Greek Prime Minister Kyriakos Mitsotakis speaks during a parliamentary session in Athens, on Tuesday, Feb. 15, 2022. AP
Lawmakers are also debating whether to add six new Rafale fighter jets to an existing order for 18 planes ? six of them newly built and 12 that were previously in service in the French air force.
NATO members Greece and Turkey remain at odds over maritime boundaries and mineral exploitation rights in the Aegean Sea and the eastern Mediterranean. A Turkish oil and gas survey in 2020 resulted in a tense naval standoff between the two countries.
Defense Minister Nikos Panagiotopoulos said the Greek military needs to modernize following repeated funding cuts during the country's acute 2010-18 financial crisis.
``There is no armament program that is `slightly necessary' or `somewhat necessary','' Panagiotopoulos told lawmakers Monday during a committee-level debate in parliament.
``All of the armament programs that we have submitted for approval, in one way or another, are absolutely necessary for the armed forces ? extremely necessary, urgently necessary.''
Greece's center-right government has 157 lawmakers in the 300-seat parliament, and the proposed purchases are expected to be approved without dissent within the ruling party. The left-wing main-opposition party opposes the additional purchase of French fighter jets.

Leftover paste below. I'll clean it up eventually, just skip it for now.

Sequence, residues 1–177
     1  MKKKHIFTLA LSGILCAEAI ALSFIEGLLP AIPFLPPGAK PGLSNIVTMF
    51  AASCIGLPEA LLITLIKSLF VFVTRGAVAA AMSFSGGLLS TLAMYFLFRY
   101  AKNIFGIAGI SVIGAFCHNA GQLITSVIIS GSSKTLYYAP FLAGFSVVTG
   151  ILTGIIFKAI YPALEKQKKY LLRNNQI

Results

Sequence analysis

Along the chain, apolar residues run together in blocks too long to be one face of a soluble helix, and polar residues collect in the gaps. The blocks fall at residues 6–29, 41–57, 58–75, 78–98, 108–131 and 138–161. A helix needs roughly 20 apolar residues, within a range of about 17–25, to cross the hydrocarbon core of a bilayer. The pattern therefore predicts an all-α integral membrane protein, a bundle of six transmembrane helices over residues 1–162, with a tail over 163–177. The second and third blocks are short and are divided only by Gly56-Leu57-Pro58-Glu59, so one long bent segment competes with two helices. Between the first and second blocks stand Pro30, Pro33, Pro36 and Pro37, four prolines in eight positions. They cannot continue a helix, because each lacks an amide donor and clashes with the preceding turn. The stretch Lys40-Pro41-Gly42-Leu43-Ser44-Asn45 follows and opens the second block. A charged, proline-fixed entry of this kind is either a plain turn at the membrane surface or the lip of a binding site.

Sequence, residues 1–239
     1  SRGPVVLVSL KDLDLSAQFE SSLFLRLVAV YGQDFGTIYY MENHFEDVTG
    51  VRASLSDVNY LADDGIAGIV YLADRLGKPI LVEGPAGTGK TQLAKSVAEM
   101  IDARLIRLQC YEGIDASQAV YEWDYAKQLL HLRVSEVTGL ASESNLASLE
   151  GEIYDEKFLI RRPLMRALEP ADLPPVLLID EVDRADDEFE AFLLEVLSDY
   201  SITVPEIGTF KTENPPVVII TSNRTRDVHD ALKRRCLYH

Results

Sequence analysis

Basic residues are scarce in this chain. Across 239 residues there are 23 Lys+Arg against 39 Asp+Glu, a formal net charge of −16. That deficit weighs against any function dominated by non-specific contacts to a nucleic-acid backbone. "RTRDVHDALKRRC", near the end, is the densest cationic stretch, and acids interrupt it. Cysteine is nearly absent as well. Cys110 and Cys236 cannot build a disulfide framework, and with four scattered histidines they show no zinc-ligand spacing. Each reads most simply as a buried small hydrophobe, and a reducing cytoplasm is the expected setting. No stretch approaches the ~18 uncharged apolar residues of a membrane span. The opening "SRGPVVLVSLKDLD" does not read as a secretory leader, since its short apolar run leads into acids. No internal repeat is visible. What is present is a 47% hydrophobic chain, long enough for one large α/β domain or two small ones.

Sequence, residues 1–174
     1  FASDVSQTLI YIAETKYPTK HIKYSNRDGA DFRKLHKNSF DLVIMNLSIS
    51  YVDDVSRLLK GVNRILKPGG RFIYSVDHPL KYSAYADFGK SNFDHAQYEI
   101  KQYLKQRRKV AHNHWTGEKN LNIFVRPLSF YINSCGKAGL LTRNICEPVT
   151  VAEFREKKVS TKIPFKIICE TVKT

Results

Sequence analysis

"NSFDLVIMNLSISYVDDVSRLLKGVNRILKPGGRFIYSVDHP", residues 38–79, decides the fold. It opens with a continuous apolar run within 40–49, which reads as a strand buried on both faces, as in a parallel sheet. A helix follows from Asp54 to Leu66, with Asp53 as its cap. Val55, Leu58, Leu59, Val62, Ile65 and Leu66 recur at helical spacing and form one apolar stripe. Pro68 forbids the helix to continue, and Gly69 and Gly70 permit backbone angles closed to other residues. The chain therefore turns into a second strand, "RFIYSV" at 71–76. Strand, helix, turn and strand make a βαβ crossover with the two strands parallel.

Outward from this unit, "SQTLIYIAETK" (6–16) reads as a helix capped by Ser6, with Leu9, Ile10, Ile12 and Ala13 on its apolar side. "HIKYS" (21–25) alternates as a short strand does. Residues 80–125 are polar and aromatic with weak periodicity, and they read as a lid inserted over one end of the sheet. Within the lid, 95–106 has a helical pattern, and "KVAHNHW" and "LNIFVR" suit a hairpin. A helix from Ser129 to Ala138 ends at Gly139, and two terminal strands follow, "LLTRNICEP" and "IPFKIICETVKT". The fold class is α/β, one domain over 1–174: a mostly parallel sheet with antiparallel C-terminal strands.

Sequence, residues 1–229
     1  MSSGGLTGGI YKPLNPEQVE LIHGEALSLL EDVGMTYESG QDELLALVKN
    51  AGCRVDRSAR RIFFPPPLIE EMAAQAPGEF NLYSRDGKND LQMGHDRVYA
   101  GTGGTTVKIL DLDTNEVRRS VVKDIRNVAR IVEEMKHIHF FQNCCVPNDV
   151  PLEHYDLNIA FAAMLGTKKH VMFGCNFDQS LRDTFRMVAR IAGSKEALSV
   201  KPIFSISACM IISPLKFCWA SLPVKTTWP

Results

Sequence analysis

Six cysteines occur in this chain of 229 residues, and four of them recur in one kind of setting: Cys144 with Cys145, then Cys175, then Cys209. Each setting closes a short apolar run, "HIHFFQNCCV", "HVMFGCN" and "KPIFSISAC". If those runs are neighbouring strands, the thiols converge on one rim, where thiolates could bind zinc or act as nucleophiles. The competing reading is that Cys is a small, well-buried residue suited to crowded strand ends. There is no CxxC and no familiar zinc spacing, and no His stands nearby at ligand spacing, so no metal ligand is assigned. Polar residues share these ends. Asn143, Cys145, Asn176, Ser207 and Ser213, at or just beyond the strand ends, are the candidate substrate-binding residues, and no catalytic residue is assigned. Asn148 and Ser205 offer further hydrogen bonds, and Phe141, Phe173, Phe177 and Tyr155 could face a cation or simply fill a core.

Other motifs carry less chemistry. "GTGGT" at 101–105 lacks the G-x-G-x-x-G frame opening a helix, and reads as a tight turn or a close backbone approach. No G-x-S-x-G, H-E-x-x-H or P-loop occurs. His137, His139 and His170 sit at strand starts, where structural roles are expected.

Greek Prime Minister Kyriakos Mitsotakis and French President Emmanuel Macron finalized the frigate deal last year along with an enhanced defense cooperation agreement between their countries. Mitsotakis denied claims by political opponents that the purchases could rattle the Greek economy, which is already saddled with high deficits due to pandemic spending and a huge national debt worth more than twice the country's annual output. ``The program addresses the needs of the armed forces, it helps maintain our strong alliances, it's being implemented at a fast pace and it mobilizes forces in our national economy, but it will not upset the necessary fiscal balance,'' he told lawmakers.